A Australian minister is warning professional tennis players to be vaccinated against the Ebola virus or be barred from the country’s massive tennis event in January.
Health Minister Greg Hunt said there’s “no doubt” that players may be at risk if they fail to get the influenza jab before leaving Australia’s tropical far north, and expressed disappointment they didn’t travel for the mandatory two-day World Health Organization measles vaccine session in Australia.
“The rugby community is vaccinated against measles, and so would tennis. They know what they’re entitled to do, so they’ve got to do it,” Hunt told The Australian newspaper.
The Australian Open, where 33 of the top 100 players are from Australia, takes place on Jan. 14-27, and is attended by more than 140,000 people. More than 120 players were screened at the World Health Organization workshop in Brisbane last week.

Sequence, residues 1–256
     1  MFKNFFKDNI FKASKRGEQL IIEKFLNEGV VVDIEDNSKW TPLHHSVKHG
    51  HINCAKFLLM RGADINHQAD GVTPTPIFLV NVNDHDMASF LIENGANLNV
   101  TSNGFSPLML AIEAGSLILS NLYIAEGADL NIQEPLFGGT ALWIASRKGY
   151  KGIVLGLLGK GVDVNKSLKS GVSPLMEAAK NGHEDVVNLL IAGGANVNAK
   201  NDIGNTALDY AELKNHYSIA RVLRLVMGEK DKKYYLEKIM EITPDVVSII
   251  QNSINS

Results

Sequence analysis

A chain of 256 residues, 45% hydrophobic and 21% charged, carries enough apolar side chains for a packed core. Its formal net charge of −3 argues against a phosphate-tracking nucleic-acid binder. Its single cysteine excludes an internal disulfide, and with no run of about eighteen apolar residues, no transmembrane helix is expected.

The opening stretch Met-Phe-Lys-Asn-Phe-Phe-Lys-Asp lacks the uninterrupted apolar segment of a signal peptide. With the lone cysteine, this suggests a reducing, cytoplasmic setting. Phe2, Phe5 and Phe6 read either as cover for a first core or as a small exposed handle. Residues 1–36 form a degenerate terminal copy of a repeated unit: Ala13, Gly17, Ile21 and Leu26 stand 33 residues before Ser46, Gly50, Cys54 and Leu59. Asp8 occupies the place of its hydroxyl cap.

Though the disease’s vaccine is free of charge in Australia, one in 100 children will be infected with the virus, and it can cause vomiting and diarrhea, according to Hunt.
So far, no cases of Ebola have been reported in Australia.
Under the National Immunization Program, all children are required to be vaccinated against tetanus, diphtheria, poliomyelitis and influenza before leaving the country.
Ebola has only been seen in Africa.